Quiroz explained that cloud and mobile printing are going to be critical to the future of MPS programs. He said that printer users are printing more often from non-office locations and that printing via smart phone or mobile device will become more prevalent. Quiroz also said that because managed print is about giving customers control over printing, vendors must provide customers with mobile printing capability.

Ricoh’s MPS program

Lyra also interviewed Ricoh Vice President Terrie Campbell, a long-time IKON executive who joined Ricoh when the company acquired IKON in 2009. When we asked how much MPS could reduce page volumes for customers, Campbell said that while every customer is different, page volumes typically decrease about 20 percent in well-controlled environments.

Campbell views MPS as foundational to managed document services (MDS). MPS allows strong movement into MDS, which helps customers manage information rather than just hard-copy output. Campbell has found that customers are happy to turn over document processes to an MDS and focus on their core competency instead.

Campbell said that Ricoh’s TRAC Solution differentiates the company’s MPS offerings from those of other vendors. TRAC helps Ricoh understand print volumes, coverage and other critical data, which helps Ricoh analyze office output trends. TRAC links the financial and usage life of a device to the MPS dispatching system to offer a holistic view of the device’s financial, service, utilization and consumables history. The number of devices is typically reduced by 15 to 25 percent in the first or second phase of an engagement. TRAC also provides savings in energy, service and maintenance.

In a strategic MPS contract, Xerox creates “stickiness” by adding value and developing a mutual set of goals that both Xerox and the client work toward. This strategy makes clients more likely to renew and extend MPS contracts because they view Xerox as a strategic partner.

When we asked how cloud printing fits in with Ricoh’s MDS strategy, Campbell explained that mobile workers’ behavior is important to Ricoh’s overall strategy. She said that Ricoh studies mobile and home workers’ traffic patterns, and that tracking usage for these two types of remote employees can be different from tracking usage for employees who work in offices. Tracking remote usage may involve gathering information collected through a network, but it may also include tracking e-mails and perhaps even manual collection of data. Campbell said that a lot of changes will take place within the next three years as Ricoh introduces new technologies, including Web-enabled projection.

Lyra’s view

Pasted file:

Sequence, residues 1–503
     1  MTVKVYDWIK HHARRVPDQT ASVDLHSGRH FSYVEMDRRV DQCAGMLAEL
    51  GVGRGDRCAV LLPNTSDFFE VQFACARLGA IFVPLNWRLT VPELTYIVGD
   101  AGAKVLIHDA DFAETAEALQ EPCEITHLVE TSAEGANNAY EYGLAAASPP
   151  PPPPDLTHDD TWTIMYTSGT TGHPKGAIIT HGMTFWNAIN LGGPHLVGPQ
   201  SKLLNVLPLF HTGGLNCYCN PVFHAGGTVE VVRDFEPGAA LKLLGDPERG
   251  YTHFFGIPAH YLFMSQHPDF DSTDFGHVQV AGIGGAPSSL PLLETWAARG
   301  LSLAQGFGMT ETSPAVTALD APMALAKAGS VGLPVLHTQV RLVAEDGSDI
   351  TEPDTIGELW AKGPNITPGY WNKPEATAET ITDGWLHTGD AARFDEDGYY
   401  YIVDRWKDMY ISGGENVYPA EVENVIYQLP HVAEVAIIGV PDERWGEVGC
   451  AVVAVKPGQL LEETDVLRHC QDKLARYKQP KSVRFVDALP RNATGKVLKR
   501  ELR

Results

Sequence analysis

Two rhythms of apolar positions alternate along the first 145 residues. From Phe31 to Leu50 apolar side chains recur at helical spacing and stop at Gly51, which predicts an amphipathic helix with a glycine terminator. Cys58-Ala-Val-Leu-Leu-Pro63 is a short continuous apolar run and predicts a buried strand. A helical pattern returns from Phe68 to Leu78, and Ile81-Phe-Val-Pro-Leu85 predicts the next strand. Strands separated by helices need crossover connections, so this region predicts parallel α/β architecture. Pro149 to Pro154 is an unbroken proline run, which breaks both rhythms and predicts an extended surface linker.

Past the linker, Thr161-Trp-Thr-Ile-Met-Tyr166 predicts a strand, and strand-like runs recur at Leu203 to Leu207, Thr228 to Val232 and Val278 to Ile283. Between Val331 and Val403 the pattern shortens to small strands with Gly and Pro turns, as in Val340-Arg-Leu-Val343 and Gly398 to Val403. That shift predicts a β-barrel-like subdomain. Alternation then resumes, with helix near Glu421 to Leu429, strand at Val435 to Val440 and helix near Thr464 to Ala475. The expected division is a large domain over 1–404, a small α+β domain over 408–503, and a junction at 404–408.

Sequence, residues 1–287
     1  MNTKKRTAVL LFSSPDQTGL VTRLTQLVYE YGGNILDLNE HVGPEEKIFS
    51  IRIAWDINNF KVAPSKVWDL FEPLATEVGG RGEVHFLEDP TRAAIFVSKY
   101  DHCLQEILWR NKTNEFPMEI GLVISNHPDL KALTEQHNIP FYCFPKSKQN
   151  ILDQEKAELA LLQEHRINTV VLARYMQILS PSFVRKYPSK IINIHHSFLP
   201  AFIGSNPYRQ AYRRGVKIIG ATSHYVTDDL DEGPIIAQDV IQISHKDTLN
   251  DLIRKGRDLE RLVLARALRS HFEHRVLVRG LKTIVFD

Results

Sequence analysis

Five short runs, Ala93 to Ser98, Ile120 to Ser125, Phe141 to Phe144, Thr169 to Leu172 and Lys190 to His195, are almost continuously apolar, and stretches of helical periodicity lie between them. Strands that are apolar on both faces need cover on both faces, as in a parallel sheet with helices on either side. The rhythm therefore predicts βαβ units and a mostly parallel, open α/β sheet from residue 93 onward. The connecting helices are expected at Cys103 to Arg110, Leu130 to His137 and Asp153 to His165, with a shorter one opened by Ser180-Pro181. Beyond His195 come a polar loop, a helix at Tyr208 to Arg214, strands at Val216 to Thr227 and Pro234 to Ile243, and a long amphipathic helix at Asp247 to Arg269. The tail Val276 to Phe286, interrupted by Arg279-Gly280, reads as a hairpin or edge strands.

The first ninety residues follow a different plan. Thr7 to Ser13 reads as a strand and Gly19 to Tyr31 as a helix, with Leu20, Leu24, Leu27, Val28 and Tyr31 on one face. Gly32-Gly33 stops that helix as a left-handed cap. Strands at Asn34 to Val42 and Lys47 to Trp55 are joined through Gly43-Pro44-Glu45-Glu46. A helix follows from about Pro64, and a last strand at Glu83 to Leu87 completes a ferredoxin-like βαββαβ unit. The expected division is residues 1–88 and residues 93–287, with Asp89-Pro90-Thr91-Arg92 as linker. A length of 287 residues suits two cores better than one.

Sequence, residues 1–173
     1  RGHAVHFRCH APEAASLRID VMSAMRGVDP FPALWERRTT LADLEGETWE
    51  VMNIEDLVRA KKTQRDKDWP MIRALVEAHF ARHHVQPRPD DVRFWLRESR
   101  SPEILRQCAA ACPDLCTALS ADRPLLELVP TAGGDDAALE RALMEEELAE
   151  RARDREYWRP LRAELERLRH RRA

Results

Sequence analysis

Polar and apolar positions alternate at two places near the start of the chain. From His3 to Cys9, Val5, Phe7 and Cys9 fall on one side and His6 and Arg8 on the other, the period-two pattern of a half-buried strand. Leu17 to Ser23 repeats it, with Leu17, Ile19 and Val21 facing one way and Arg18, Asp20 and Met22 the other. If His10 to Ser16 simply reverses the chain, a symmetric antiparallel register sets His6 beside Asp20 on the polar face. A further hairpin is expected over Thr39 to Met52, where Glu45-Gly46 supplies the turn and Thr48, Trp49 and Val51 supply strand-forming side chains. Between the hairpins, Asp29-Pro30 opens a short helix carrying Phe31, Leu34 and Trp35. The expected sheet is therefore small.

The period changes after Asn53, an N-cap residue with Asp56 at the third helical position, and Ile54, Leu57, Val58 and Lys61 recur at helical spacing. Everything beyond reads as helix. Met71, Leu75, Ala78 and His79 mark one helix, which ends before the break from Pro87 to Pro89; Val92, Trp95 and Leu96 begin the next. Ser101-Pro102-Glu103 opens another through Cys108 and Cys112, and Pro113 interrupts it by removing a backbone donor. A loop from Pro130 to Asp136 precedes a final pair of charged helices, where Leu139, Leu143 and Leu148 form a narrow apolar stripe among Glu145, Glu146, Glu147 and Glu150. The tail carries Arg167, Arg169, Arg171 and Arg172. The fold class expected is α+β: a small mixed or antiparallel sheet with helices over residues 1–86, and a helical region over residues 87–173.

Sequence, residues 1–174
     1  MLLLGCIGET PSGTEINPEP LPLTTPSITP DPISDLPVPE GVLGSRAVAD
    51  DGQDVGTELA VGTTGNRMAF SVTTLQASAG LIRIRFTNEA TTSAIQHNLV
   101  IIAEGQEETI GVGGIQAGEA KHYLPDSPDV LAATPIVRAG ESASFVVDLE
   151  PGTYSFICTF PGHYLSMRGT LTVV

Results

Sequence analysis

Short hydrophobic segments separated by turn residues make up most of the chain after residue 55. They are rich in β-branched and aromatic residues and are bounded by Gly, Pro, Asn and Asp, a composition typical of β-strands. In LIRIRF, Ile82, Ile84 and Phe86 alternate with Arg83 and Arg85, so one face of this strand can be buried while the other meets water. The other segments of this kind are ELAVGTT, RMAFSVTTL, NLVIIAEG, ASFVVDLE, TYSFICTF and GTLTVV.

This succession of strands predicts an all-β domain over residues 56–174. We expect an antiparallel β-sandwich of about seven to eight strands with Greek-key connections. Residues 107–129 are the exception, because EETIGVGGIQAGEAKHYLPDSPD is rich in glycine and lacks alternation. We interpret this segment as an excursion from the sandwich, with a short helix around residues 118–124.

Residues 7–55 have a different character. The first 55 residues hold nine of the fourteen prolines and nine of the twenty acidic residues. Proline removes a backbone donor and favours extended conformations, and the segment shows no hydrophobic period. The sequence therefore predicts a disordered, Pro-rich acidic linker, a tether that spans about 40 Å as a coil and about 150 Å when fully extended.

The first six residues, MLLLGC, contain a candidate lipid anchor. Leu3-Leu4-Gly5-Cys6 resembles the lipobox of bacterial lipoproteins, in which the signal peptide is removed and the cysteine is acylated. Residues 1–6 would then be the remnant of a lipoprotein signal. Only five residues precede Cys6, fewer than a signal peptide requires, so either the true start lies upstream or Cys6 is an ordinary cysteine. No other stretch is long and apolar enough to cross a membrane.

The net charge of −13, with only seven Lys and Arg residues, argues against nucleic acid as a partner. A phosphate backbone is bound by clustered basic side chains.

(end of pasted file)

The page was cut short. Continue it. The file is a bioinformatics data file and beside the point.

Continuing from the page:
MPS engagements are becoming more complex and involve more than reducing and managing hardware fleets and providing supplies. They are moving beyond printing and copying management to address document management, security, mobile printing, remote workers and other issues. Any company that is currently engaged in MPS must be able to provide more options in order to survive. The following list describes Lyra’s views regarding the future of the MPS market.

  • Major printing and imaging OEMs have been the primary source of MPS messaging over the past few years. These companies have focused on the effects of the economic recession and businesses’ requirements to do more with less. Most of the strategies these companies have offered have centered on having a large OEM provide all aspects of an MPS engagement. Lyra believes this trend is shifting. OEMs will have less control over MPS messaging, and a variety of companies will be involved at all levels and in all roles of MPS, including the crucial reseller role.
  • The constant struggle over supplies is a key control point that will continue and intensify throughout the value chain, including manufacturers, channel partners and customer sites. Now that the MPS market is expanding beyond OEMs to include aftermarket players and managed service providers (MSPs), it is important for supplies vendors to make sure that they maintain or increase their market share.
  • MPS must be actively integrated with various IT services from MPS providers. This trend will become especially popular as document digitization, workflow management and related fields that are central to traditional IT become core competencies for printer- and copier-related service providers.
  • There is growing acknowledgement in the industry that a wide continuum exists between comprehensive, OEM-dominated MPS engagement opportunities and more piecemeal approaches. The market is still maturing, and many potential new MPS clients still exist, but they are continuing to decrease in number. With an increasing number of clients already engaged in the MPS market in at least one form or another, the greatest opportunity exists among customers who are looking to add or swap out pieces and parts rather than become involved for the first time in a full-scale MPS engagement.
  • For some time, services have been the “next big thing” in IT, and this fits in nicely with companies’ MPS strategies. Now mobility and cloud conversions are pervasive in IT and the printing and imaging industry, and MPS is joining them.

Lyra announced the launch of its new Managed Print Advisory Service (MPAS) on March 21, 2011, and the trends mentioned above will be among the key factors that the service will monitor, analyze and forecast. Close interaction between Lyra’s Observer and MPAS staff will ensure that insights and developments will be available to both Observer readers and MPAS clients. Please contact Tom Sandock at 617-454-2621 for more information regarding Lyra’s MPAS service.

Complete articles that include the actual interviews are available to Hard Copy Observer subscribers at